5th October 12
It’s your final year of school. A Levels are just round the corner. It’s time to start looking at universities. Your UCAS form needs to be filled out. Your personal statement needs to be written. And it feels like there are not enough hours in the day. Don’t worry, help is at hand. Here are some handy final year preparation tips to make your last year at school easier and more manageable.
Do your homework on time, do your coursework when you’re supposed to, and read around your subjects. Regularly review your notes from class, updating and reviewing them. If you do this, when it comes to revising them later in the year you’ll be so familiar with them revision will be much easier. And if you find something you don’t understand, you’ll still have plenty of time to ask one of your teachers about it.
Also, it’s scientifically proven that we all perform better when we do short, intense bursts of work. If you’ve been working in short intense bursts all year, you’re more likely to have a better knowledge and understanding of your subjects than if you leave everything until you’ve broken up from college and are on study leave.
It’s important that you stay ahead of the game in this final year. You have less time than you think. A year seems like ages, but you will have a lot to do in this year and it will have flown by and before you know it you’ll be sitting in those exam halls facing your A Levels. Don’t leave anything until the last minute.
Speak to you teachers, your parents and your friends about your personal statement. Your personal statement can mean the difference between you getting an offer or an interview and not getting anything at all. We’ve already published an article on how important it is to have the best possible personal statement, and now is the time to start writing it. You can add to it or take bits out as you go along, improving and refining it all the time. But it’s best to get on with this as soon as possible.
When you practise exam questions, time yourself. Be aware of how much you can do in an allotted time. Get into the habit of being able to plan and write your exam answers in the time you will have in your exams. You’ll find it so much easier come exam time if you’ve conditioned yourself in advance.
While doing practise papers is very good, it’s important that you realise that the questions in past exam papers will not necessarily crop up again verbatim. The key is to think about the relationship between the questions and the course in general. There might be topics that regularly show up and there might be topics that rarely show up. The important thing is that you should be able to answer anything that is asked.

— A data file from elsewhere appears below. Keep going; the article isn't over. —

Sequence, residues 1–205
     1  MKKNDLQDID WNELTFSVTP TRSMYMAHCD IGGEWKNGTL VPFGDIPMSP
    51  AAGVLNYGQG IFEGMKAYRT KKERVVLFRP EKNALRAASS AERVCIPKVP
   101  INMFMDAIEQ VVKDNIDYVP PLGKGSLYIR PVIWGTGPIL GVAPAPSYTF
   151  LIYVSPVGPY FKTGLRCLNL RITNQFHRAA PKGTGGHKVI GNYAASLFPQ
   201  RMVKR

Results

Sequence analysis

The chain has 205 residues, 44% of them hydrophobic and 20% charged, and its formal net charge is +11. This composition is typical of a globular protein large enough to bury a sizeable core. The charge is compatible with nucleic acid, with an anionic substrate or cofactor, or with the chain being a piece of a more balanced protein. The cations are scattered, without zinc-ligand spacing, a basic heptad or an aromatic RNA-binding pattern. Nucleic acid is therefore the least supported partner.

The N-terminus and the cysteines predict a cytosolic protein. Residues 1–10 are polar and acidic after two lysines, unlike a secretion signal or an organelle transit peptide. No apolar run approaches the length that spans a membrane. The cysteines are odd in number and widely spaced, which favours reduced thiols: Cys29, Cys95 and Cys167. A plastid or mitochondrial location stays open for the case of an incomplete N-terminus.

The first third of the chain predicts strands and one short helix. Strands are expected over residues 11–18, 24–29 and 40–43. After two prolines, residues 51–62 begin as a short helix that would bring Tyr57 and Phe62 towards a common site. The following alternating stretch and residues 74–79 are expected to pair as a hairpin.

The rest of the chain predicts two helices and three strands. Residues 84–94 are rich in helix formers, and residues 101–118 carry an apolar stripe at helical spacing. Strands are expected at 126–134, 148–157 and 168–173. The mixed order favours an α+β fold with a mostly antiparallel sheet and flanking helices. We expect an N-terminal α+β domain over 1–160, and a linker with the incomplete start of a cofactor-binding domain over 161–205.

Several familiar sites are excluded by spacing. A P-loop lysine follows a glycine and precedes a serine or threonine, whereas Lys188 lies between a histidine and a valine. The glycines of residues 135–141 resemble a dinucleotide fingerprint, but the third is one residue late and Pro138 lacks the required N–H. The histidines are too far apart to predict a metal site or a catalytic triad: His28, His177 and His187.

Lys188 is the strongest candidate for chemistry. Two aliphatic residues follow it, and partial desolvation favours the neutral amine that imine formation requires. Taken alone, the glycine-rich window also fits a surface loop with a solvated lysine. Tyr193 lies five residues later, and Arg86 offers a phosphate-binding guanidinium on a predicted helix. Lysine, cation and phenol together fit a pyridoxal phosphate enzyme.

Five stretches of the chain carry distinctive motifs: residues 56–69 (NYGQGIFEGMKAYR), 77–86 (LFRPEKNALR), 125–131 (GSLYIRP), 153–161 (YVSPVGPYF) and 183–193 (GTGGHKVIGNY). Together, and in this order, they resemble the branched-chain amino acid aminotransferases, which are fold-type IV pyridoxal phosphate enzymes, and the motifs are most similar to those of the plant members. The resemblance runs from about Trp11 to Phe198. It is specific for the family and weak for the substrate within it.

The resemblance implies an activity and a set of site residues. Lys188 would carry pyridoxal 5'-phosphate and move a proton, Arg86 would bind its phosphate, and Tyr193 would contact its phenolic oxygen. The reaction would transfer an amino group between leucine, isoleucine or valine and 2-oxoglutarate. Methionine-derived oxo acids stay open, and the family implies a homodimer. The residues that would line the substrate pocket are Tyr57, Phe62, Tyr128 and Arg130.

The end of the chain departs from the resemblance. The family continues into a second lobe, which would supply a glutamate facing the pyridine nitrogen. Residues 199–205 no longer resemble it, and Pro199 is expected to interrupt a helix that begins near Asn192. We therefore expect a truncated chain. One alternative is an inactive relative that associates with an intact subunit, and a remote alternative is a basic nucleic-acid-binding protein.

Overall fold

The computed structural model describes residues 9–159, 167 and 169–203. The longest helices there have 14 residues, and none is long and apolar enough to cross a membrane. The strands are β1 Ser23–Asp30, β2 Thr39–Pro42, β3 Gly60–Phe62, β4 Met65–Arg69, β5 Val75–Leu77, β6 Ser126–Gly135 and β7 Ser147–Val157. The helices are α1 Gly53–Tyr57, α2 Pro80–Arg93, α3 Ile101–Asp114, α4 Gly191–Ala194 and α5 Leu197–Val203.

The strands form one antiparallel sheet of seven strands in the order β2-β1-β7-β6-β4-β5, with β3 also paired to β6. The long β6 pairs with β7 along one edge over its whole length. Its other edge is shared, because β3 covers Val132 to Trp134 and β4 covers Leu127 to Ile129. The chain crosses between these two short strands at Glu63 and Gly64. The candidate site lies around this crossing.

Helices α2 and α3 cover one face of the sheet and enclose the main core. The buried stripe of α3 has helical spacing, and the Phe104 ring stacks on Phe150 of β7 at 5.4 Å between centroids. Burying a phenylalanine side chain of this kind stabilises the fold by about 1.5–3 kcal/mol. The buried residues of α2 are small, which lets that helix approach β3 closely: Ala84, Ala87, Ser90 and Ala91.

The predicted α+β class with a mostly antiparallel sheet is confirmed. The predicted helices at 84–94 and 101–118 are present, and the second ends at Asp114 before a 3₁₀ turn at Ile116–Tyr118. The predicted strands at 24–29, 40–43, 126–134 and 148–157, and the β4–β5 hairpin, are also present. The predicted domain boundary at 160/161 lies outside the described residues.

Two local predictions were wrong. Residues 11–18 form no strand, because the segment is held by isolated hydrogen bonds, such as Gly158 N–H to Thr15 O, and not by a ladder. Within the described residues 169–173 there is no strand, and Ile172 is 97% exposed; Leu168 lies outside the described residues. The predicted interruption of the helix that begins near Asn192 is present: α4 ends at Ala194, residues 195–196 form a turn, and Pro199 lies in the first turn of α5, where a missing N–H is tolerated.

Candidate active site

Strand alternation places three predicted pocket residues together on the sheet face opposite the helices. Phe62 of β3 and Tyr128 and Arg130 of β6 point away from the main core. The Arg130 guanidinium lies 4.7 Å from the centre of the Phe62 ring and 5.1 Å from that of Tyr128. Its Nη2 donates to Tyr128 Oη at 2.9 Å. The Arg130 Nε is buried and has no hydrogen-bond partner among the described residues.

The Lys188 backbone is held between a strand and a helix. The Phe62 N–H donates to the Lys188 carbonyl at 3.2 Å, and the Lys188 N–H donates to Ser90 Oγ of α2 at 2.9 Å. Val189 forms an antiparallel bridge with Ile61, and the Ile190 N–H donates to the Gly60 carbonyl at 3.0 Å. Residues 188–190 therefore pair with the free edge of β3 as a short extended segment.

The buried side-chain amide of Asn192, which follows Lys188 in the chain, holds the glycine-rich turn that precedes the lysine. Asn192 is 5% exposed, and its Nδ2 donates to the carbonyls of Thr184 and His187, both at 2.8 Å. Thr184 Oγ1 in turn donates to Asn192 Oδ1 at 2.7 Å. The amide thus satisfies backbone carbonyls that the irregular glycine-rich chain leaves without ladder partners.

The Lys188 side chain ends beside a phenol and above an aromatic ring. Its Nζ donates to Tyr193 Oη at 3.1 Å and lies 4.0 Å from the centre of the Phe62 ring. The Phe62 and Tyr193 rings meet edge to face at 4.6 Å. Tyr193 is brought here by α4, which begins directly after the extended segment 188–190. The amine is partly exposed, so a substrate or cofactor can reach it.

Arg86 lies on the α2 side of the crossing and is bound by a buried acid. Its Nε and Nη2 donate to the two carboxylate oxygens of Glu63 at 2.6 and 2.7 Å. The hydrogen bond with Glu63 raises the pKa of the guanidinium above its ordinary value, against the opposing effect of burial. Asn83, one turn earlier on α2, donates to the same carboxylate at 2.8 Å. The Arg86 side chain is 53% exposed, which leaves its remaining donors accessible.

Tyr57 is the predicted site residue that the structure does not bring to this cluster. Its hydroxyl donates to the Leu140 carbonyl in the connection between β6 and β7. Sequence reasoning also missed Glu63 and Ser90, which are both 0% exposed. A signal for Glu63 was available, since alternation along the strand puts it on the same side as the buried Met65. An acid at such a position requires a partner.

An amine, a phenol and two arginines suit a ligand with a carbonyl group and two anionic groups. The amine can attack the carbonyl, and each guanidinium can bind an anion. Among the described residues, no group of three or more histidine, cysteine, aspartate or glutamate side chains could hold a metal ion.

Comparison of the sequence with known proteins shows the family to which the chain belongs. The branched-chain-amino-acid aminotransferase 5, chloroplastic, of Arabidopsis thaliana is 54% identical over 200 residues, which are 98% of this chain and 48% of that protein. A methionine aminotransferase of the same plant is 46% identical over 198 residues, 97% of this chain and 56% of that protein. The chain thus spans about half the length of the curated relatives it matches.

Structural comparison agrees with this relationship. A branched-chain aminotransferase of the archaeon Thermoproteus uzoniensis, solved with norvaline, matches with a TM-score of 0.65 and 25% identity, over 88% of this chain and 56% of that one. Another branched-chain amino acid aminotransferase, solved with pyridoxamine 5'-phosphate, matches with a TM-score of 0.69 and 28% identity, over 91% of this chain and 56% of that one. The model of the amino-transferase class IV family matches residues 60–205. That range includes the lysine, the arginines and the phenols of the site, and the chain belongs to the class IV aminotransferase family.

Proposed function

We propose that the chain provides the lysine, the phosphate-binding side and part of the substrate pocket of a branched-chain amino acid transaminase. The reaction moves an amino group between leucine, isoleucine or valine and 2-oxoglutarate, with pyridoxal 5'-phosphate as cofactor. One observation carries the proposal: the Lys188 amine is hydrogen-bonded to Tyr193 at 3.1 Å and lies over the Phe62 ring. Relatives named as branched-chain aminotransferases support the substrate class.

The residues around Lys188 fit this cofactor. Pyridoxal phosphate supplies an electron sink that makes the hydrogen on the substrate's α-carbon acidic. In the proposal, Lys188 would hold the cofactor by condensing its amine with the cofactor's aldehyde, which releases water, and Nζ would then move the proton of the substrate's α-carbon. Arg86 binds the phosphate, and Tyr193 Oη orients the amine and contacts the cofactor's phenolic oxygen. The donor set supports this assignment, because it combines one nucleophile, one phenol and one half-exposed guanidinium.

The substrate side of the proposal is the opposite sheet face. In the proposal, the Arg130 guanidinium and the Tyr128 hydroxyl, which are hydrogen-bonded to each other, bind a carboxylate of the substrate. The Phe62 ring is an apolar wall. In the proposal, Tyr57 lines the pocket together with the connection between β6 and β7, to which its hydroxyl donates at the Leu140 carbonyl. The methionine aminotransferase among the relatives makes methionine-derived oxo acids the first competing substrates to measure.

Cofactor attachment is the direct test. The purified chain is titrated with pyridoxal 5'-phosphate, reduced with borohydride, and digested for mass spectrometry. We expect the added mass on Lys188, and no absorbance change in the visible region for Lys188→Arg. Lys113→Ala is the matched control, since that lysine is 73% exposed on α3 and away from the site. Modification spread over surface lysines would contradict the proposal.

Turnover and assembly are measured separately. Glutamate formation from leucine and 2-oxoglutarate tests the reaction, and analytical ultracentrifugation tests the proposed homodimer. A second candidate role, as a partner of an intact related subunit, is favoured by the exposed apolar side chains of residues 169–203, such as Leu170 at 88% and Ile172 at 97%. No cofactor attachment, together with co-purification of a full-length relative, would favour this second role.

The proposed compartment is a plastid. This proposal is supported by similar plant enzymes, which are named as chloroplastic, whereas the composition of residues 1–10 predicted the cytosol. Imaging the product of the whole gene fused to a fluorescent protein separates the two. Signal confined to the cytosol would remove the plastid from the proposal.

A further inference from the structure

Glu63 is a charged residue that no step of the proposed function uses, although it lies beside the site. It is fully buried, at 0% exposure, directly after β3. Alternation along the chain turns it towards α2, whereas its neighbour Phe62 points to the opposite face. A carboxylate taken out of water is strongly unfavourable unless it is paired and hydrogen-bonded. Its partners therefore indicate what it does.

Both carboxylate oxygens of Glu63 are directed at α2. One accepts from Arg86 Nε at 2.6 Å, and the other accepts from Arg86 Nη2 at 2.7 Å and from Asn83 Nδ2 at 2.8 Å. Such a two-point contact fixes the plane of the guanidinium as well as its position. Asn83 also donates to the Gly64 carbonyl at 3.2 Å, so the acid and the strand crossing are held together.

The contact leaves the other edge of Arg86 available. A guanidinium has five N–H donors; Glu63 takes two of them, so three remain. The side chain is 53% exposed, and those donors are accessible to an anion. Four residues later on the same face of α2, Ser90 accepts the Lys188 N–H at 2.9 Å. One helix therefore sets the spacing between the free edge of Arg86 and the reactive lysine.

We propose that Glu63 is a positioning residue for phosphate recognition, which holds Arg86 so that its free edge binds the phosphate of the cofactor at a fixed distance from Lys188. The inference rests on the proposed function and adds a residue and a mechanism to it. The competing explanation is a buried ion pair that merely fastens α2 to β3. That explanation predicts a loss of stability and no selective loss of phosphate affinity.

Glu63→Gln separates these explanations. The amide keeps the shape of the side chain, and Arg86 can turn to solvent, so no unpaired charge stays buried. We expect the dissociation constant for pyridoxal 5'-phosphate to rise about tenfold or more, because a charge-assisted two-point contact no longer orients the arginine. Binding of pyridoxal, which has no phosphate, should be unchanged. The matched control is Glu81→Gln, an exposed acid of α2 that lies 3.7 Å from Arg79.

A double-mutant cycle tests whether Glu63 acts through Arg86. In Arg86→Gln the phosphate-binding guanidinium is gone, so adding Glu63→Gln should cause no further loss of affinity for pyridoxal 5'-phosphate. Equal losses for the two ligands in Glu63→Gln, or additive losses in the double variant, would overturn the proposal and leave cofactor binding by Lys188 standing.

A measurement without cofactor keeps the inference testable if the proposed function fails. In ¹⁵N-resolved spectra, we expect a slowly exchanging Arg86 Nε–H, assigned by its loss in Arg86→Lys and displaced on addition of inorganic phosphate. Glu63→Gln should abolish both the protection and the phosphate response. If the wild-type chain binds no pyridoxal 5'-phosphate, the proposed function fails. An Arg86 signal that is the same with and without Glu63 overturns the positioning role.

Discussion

Studying is a very daunting and difficult task. Most of the time it’s not a lot of fun and can in fact be quite frightening. Especially if you have a lot to do, a lot of the time you don’t know where to start. The best thing to do is to organise your study time. Make a revision timetable. Divide your study time up into small sessions where you give equal time to your subjects. Make sure you take regular breaks to keep yourself fresh. Sort your room out so it is conducive to studying in. It may seem a little bit unnecessary to think about studying now, with your exams not until the summer, but the sooner you get into an organised routine, the better. You’ll find that when it comes to the final push, everything will be easier because you will already know a lot of your stuff, and you’ll be a mean, lean, well-oiled studying machine!
Think about it: all you need to do is knuckle down for a year and have a tiny little bit of discipline and you will be able to change your life. That’s not to say you should do nothing else but study…
It’s a tired old cliché, but these really are the best days of your life, and you are only young once! Try and find a happy medium between study and fun. Make time to see your friends and family, and do things you enjoy doing. Rest and relax between study sessions. No one can work all the time and you will burn out long before exam time if you do nothing but stay inside with the curtains drawn and hit the books all the time.
“But I have to study!” I hear you cry. And you’re right, you do. But this is the final chance you will have to get a little bit more experience under your built and have something else to add to your personal statement. You don’t have to go and do a menial job if you don’t want to, you can get work experience in a field that will help impress a university. If you’re planning on doing law, for example, try and get some work experience in a barrister’s chambers. Do some charity work or some volunteering. It all looks good on your personal statement, and can help round you into a more interesting person, giving you more self-confidence, and the universities love an interesting, three dimensional person.
University Open days start at this time of year and you should go to as many as you can. They should play a very important part of your A Level preparation. They’re important, not just to find out about the courses you’re going to study, but because you’re going to spend three or more years of your life there. You need to know whether or not you’re going to like it there. Take a friend and spend a day there. Do the tour and meet lecturers and students, see the facilities, accommodation, student union and soak up the atmosphere. You wouldn’t want to do all that hard work, get there, and find out you don’t like it!